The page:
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Nobuhiko Obayashi, who died on April 10 at age 82, finished directing two films after receiving a diagnosis of terminal lung cancer in 2016. “Hanagatami,” an ensemble drama set in Kyushu as Japan marched to war in the early 1940s, was released in 2017. “Labyrinth of Cinema,” which premiered at the 2019 Tokyo International Film Festival with a frail but still feisty Obayashi in attendance, has since played at festivals abroad and received well-deserved raves from critics.

Instead of a feeble final effort by a dying man, “Labyrinth of Cinema” is bursting with energy, passion and dreamlike invention, and while conveying a strong antiwar message, it is anything but preachy. The tone is that of a cheeky black comedy — minus the cynicism — while the border between reality and fantasy dissolves into a colorful alternative universe that is uniquely Obayashi’s.

As an in-demand maker of TV commercials starting from the 1960s, Obayashi became a master at holding the audience’s attention moment to moment, though in “Labyrinth of Cinema” he does it not with Hollywood celebrities like Charles Bronson, star of Obayashi’s well-remembered men’s toiletries ad, but rather with his unfettered visual imagination and abundant storytelling gifts. You can’t help but pay attention when an avuncular “guide” named Fanta G (YMO drummer and vocalist Yukihiro Takahashi) discourses on Japanese history as giant goldfish swim around him in a time machine.

Labyrinth Of Cinema (Umibe No Eigakan: Kinema No Tamatebako)
Rating
Run Time 179 min
Language Japanese
Opens July 31

Though the film’s running time is nearly three hours, it clips along entertainingly, if seriously. Many of the historical references may be unfamiliar to non-Japanese, but the film presents them with artful compression and eye-catching detail.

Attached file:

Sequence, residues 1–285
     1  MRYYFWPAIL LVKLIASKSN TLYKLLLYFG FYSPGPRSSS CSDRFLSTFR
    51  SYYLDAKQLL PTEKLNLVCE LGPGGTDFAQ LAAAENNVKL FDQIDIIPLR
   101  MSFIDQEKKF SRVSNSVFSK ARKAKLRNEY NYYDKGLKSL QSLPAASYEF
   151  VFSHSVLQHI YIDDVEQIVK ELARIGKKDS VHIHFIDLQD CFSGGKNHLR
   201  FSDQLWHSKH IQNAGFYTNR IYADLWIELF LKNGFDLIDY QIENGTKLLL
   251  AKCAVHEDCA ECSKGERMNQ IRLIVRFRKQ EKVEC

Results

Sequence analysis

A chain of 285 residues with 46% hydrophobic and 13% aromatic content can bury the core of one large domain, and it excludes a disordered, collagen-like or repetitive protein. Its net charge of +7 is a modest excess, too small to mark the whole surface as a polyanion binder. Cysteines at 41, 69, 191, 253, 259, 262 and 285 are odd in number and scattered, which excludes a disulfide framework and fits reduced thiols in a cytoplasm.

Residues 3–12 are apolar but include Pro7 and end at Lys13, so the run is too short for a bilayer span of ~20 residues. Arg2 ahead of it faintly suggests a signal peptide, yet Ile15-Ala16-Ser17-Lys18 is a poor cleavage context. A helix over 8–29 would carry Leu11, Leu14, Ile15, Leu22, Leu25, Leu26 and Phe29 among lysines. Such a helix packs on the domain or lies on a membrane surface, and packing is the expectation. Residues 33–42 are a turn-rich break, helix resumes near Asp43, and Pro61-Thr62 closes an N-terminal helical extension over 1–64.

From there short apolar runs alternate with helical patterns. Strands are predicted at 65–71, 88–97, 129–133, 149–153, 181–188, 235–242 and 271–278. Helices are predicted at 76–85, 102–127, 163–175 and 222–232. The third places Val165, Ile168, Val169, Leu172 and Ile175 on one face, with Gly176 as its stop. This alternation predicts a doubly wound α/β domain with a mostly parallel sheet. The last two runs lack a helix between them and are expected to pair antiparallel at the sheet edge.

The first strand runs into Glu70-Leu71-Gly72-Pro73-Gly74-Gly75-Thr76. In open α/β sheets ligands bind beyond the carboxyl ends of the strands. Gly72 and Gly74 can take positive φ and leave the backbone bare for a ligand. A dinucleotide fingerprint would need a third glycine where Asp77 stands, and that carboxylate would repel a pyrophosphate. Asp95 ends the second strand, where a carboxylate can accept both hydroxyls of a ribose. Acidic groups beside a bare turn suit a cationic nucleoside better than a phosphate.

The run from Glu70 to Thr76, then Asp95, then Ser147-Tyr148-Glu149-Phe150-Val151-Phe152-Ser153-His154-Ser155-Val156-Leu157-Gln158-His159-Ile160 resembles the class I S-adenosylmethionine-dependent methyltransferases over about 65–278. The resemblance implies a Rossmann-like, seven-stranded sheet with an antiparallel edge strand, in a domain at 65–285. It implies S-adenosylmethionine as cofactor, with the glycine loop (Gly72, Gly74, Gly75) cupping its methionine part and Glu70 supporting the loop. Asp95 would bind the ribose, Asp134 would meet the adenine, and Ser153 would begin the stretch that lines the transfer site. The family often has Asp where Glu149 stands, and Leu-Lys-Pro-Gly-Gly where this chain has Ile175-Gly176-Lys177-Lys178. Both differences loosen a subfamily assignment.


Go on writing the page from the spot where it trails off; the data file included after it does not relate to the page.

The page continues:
Taking the poetry of Chuya Nakahara (1907-37) — “Japan’s Rimbaud” — as a framing device, and with Fanta G providing commentary, the film delves into Japan’s violent past from the mid-19th century, when the country was turbulently opening to the West, to the atomic bombing of Hiroshima on Aug. 6, 1945.

The story begins with a nice-guy movie buff (Takuro Atsuki), a nerdy intellectual (Takahito Hosoyamada) and a volatile gangster (Yoshihiko Hosoda) attending the final screening of an old seaside theater in Onomichi — Obayashi’s hometown.

Through the magic of cinema (and with a nod to Buster Keaton’s “Sherlock Jr.”), they watch the all-night program of “war films,” but also take part in the on-screen action. Noriko (Rei Yoshida), a mysterious teenage girl who says she wants to “know more through movies,” ends up in the films as well, falling victim again and again.

During their many adventures, the protagonists become swept up in the internal power struggles of an elite corps of pro-Shogunate samurai called the Shinsengumi, fight in Manchuria against the Chinese with the desperate Lt. Sako (Tadanobu Asano) and, finally, travel with a theater troupe led by renowned actor Sadao Maruyama (Shunsuke Kubozuka) in the waning days of World War II. Their final destination: Hiroshima.

Given the film’s high death toll and its acerbic running commentary on war’s waste and folly, it seems to be heading toward a climax that is despairing and grim. Instead, it ends on a note that is positive, if not falsely optimistic. Memory, the film tells us, can keep the reality of war’s horrors alive — and movies are bearers of memory as well as stirrers of dreams. The little theater may close, but Obayashi’s last testament will continue to disturb and amaze.

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